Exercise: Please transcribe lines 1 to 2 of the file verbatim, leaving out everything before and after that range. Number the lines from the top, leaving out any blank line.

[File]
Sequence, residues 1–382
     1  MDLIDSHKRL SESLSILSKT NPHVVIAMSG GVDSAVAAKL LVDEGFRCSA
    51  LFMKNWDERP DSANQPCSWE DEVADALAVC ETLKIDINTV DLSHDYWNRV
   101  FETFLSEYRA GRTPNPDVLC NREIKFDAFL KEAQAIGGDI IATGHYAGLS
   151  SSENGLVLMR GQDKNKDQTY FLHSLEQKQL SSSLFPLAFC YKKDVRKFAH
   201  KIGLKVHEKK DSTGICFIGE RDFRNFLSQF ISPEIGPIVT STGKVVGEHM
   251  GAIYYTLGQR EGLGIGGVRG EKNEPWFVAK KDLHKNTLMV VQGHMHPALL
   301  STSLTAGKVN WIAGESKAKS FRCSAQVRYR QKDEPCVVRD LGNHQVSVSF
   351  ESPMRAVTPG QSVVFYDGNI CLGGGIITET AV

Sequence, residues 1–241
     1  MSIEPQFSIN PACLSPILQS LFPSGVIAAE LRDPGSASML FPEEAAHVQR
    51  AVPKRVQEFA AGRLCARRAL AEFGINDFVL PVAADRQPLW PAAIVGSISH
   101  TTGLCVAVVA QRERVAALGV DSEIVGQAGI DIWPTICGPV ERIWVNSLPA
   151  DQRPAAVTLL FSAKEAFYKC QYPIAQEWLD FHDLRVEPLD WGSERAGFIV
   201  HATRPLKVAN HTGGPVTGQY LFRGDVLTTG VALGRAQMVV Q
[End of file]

Sequence, residues 1–382
     1  MDLIDSHKRL SESLSILSKT NPHVVIAMSG GVDSAVAAKL LVDEGFRCSA